It’s a kind of discomfort I should have to sit through. White people are fragile when it comes to race. Even where we believe in equality, we don’t want to talk about it. We’d prefer to pretend that everything is fine and everyone is already equal. But being ‘colour blind‘ is its own sort of racism. It is not fair to the struggles that people of colour face to insist that their experiences are the same as ours – that we don’t see the difference. It is harder for them. White people make it harder. Denying that you can see any difference is not a good thing, and it leads to one being insufficiently critical of one’s own blindspots.

So it’s uncomfortable to watch Ryan face the prospect of death and imprisonment for a kind act. It’s uncomfortable to watch black and Asian characters be refused service. It’s uncomfortable to witness Rosa Parks (Vinette Robinson) being told to move to the back of the bus because of the colour of her skin.

It’s uncomfortable, and it’s good that white people are being asked to live with that discomfort.

But it’s also important that this is not just a tale of terrible things that happened and are happening to passive black people. We are told directly that Rosa Parks was not just a tired woman who refused to move; we see her as part of a movement. I particularly like that Ryan, as the only black companion, is also the only companion who gets to meet Martin Luther King. He deserves that honour and it is good that it’s not overshadowed by what would have been the Doctor’s delight, or Graham’s, or even Yas’s. Other people of colour can identify with these struggles, but they are also not a homogenous group. Black people in the US suffered a particularly fraught history, and this is their story, Rosa is their hero. As a black British man, Ryan has a different and much closer relationship to those struggles than the other characters.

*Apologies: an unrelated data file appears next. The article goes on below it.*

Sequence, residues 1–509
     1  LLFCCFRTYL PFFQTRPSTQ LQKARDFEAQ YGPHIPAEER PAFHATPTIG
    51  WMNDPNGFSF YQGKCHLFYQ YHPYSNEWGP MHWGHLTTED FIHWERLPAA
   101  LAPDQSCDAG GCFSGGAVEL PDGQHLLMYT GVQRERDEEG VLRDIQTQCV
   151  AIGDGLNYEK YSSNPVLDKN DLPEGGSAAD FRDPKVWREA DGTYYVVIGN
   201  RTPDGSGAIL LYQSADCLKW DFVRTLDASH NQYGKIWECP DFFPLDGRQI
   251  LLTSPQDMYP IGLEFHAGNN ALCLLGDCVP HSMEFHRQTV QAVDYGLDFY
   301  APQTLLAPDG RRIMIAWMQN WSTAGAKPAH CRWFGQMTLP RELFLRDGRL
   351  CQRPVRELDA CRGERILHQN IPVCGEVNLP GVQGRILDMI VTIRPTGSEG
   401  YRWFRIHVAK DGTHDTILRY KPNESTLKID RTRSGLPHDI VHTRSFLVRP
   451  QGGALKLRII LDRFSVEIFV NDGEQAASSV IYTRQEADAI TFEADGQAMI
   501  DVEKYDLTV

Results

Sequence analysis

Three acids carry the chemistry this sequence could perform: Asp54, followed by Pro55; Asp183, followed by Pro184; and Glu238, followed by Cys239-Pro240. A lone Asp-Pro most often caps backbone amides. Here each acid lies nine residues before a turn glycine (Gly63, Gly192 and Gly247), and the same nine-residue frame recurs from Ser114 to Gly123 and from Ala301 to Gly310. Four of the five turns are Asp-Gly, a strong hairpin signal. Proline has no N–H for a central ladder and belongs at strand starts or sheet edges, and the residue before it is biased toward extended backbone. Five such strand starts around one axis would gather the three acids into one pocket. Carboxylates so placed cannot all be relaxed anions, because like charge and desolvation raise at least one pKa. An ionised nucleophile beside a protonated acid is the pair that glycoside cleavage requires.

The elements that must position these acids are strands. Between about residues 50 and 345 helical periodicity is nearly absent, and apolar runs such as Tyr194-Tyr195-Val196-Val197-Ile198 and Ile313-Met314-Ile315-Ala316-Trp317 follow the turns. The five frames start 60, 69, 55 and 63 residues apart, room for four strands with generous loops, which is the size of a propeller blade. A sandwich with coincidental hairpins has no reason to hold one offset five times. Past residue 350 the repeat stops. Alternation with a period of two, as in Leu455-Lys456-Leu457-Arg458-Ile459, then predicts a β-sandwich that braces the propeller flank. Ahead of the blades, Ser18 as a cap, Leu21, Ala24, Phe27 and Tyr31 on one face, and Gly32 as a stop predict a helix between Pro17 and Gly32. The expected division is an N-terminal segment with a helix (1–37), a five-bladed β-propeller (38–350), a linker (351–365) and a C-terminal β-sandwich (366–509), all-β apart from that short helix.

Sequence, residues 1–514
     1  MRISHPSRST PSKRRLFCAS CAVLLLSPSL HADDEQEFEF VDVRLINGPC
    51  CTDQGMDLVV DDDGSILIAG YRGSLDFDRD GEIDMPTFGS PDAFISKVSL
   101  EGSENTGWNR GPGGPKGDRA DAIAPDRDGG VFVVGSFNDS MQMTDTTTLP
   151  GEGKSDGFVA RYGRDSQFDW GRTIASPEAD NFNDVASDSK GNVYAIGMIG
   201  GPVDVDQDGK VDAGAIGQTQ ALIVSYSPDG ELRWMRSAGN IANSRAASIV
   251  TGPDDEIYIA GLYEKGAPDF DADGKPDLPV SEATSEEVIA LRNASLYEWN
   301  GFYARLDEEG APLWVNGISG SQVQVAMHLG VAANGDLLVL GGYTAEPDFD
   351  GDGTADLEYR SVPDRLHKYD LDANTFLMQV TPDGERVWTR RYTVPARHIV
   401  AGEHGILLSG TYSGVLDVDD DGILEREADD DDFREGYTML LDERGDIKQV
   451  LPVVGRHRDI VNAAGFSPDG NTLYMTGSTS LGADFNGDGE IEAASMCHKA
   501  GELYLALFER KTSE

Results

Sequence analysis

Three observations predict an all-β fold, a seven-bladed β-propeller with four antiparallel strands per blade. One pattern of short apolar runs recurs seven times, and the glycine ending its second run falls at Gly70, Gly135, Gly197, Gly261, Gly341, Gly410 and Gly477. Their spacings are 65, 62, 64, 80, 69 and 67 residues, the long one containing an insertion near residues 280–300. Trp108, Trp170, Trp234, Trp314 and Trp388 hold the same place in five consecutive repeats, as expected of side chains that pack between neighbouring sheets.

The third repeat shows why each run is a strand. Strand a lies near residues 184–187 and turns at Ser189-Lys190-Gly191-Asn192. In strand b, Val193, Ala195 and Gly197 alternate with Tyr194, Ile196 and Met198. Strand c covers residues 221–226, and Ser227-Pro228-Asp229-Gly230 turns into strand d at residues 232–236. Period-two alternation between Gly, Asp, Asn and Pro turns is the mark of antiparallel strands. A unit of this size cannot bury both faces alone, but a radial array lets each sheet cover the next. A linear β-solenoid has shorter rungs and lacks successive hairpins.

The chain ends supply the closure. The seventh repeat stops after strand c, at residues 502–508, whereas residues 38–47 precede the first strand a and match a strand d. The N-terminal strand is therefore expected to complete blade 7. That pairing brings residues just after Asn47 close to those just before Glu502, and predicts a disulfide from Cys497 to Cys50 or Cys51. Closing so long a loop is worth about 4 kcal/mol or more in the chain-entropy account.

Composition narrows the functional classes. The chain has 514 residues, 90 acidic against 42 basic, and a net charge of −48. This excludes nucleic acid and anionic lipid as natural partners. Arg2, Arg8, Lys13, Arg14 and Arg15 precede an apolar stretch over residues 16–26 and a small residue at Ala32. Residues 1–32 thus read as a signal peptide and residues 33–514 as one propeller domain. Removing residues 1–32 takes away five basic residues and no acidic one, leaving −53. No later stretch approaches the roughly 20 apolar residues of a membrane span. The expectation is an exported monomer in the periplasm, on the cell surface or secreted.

I also liked that there was a brief acknowledgement that though this is a particularly American moment in history, Britain cannot claim any kind of superiority over race relations. In addition to Yas and Ryan discussing their experiences of racism at home, a throw-away line from the Doctor makes a gesture towards acknowledging British imperialism: “You know us Brits,” she says, “very imperious.”

It’s not really enough, but they cover a lot of ground in this episode, and perhaps it would have been too distracting to delve deeply into British historical racism as well.

Similarly, I watched hoping that there would be some acknowledgement that Rosa Parks was not the first black person to refuse to give up her seat on the bus. Claudette Colvin refused to give up her seat nine months before Rosa. But Rosa was a more palatable hero. Claudette was 15 – a teenager – and seen as less reliable. She also noted of Rosa Parks: “Her skin texture was the kind that people associate with the middle class… She fit that profile.” (Source.) I’m always a bit bristled when I see a woman written out of history, but again, it was perhaps too much detail for what had to be a very tight episode and cover a lot of ground.